But Alito’s legal reasoning when overturning Roe was also ahistorical, lawless garbage. And if Trump wins, it’s game over—the Supreme Court will be emboldened to act with even more impunity and could grant rights to embryos. It’s also likely that both Justices Samuel Alito (74) and Clarence Thomas (nearly 76) would retire under Trump and be replaced with much younger appointees, cementing the 6-3 supermajority for a generation. Yes, the court could take up a personhood case even if President Biden is re-elected, though it would be riskier politically, both in terms of potential court reform and Republican prospects in 2028. Plus, a 5-4 court would be much less likely to swing for the fences.

Rebouché said the Supreme Court “absolutely could” undo all ballot measures via some targeted lawsuits. “If the 14th Amendment protects life from conception, then that is the law of the land, and then that’s a whole new generation of litigation” over state abortion protections, she said.


A prime candidate for filing a 14th Amendment lawsuit is Alliance Defending Freedom, the far-right Christian legal advocacy organization which wrote the state law that overturned Roe and later sued the FDA to try to yank approval of the abortion drug mifepristone. Kristen Waggoner, ADF’s president and CEO, told Politico in March that her group thinks there is legal grounds for a federal abortion ban in the 19th-century law. “We believe that the 14th Amendment protects persons and that includes unborn persons, and that the right to life is protected in the Constitution,” she said. (We’re still waiting on a ruling in that case. The other abortion-related, ADF-linked case this term could be a stepping stone toward a federal ban if the court rules that a fetus is a second patient whose rights supersede a pregnant woman’s in emergency rooms.) 

Another group, Americans United for Life, has gone so far as to suggest that the next Republican president can simply proclaim via Executive Order that the 14th Amendment protects life from fertilization for so-called “preborn persons.”

Murray said the court upholding fetal personhood would represent “the tyranny of the minority,” but it’s a fool’s errand to hope the justices act with popular opinion in mind. “Overruling Roe was quite unpopular. But the public outcry hasn’t fazed some members of the court,” she said. “Samuel Alito doesn’t care.” (This interview, we must note, took place before news broke about not one, but two, far-right flags outside Alito’s homes.)

And this brazen theft of rights could happen despite Alito writing in Dobbs that it was fine to overrule Roe because “women are not without electoral or political power”—that is, they can help pass the laws they want. That’s clearly not the whole story. “Yeah, ‘Go, vote or run for office, but when you do go and vote or organize, we’re going to come and move the goalposts,’” Murray said. “It’s gaslighting, and it’s gross.”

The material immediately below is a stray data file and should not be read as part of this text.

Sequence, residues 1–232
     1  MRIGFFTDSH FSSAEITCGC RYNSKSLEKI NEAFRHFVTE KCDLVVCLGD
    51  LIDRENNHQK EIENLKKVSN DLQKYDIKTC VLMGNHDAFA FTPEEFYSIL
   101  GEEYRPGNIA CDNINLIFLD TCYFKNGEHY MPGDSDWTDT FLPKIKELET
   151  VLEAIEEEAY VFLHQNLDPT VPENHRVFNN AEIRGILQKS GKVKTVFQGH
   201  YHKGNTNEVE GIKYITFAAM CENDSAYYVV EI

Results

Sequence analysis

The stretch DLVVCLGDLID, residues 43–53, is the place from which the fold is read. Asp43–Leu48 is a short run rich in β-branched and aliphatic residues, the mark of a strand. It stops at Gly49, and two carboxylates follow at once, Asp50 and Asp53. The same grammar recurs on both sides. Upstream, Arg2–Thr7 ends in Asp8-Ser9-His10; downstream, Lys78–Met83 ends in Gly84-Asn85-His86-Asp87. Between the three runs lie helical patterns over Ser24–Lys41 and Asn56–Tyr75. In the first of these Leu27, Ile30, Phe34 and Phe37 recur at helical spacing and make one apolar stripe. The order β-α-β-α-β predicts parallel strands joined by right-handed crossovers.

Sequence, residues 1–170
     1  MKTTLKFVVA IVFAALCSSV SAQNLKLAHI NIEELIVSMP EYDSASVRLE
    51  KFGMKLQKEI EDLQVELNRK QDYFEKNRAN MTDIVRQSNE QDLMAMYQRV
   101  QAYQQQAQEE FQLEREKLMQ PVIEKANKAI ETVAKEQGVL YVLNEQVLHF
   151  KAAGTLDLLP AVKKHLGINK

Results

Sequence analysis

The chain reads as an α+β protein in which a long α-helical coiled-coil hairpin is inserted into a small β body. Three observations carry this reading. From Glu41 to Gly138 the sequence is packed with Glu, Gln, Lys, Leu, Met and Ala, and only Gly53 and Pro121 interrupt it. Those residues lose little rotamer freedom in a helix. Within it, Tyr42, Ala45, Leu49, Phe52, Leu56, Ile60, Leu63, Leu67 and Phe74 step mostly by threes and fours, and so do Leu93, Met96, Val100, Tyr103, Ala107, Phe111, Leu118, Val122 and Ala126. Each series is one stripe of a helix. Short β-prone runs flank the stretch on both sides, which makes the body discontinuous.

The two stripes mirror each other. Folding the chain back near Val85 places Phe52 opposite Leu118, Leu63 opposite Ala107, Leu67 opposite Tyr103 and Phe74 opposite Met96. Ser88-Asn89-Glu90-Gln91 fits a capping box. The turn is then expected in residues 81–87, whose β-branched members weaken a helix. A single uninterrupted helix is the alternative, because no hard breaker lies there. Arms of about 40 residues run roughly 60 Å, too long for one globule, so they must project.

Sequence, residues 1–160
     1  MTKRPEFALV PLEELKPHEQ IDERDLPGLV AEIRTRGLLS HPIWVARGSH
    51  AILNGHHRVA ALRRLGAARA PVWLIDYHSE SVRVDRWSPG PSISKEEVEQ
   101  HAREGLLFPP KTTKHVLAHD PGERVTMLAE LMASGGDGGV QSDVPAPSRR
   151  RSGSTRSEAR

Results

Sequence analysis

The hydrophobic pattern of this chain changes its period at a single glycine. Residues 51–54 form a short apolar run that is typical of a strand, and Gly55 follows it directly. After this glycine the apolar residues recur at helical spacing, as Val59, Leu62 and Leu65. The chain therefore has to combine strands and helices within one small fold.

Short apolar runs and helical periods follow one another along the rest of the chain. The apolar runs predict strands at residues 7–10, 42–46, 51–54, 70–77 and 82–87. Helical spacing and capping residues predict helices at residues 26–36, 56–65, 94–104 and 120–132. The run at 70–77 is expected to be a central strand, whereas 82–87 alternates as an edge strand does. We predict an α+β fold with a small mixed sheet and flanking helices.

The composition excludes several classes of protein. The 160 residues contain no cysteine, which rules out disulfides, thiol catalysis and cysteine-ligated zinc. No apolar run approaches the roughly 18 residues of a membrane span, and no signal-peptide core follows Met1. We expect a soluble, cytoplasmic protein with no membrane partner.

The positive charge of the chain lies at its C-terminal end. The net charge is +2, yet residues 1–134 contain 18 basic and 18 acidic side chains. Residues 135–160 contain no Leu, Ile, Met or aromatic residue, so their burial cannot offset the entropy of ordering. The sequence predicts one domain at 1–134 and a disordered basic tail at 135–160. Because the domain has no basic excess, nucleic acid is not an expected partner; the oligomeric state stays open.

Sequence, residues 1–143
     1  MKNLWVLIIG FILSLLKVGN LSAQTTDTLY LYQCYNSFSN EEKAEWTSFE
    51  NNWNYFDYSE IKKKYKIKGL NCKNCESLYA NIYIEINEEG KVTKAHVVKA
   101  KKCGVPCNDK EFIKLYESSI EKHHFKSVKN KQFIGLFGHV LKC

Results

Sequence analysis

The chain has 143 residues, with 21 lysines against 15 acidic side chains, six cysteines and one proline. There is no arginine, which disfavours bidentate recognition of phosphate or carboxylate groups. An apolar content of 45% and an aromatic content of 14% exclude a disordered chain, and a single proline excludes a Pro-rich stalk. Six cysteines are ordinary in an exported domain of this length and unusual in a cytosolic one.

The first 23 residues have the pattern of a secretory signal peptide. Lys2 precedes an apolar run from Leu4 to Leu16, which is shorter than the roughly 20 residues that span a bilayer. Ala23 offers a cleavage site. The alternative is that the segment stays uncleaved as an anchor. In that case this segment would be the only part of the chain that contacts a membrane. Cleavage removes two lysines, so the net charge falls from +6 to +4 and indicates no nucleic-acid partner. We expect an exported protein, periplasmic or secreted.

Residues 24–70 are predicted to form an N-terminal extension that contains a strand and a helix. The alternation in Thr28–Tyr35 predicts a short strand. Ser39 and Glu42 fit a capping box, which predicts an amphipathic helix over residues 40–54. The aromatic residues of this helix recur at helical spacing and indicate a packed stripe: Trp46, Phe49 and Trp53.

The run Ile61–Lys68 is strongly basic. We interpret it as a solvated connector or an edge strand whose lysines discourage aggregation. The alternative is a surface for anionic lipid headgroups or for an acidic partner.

Florida’s Already Drafting the Blueprint for State Courts to Declare Fetal Personhood

Photo: flcourts.gov

Fetal personhood is also a question for state constitutions, Murray said. And Florida’s state Supreme Court, in particular, seems ready to declare that embryos and fetuses have a right to life under its own constitution. (The justices are technically nonpartisan, but all seven were appointed by Republican governors, and five by Ron DeSantis.) When the court ruled 4-3 in April that the abortion amendment could go to voters, the three dissenting justices said they believe the constitution grants fetal personhood and the ballot measure doesn’t tell Floridians that it would undermine fetuses’ right to life. Three justices in the majority said they agreed on fetal rights, but wouldn’t stop voters from weighing in. The subtext is that if Amendment 4 doesn’t clear the 60 percent threshold, the Florida Supreme Court could rule that abortion is banned from the moment of fertilization. That kind of decision would go further than even Alabama’s high court saying IVF embryos are people under wrongful death statutes.

But anti-abortion activists think they have a shot at this outcome even if the measure passes, based on what six justices wrote about rights for fetuses. Mat Staver, chairman of Florida-based anti-abortion group Liberty Counsel, told Bloomberg Law in April: “We have an open door to go back and establish personhood.” He added, “The Florida Supreme Court isn’t out of the picture yet.” 

Staver told Bloomberg that if the tactic works in Florida, it could be used as a strategy across the country as nearly all state constitutions have language about a right to life, which conservatives could weaponize to erase the rights of women and pregnant people.

Overturning a successful amendment would not only destroy abortion access for Floridians and people all across the South, but it could make voters feel even more apathetic, Murray said. “What’s going to happen if this goes to the Florida Supreme Court, and the ballot initiative goes nowhere?” she asked. “[Some] voters are going to be like, ‘What was the point?’”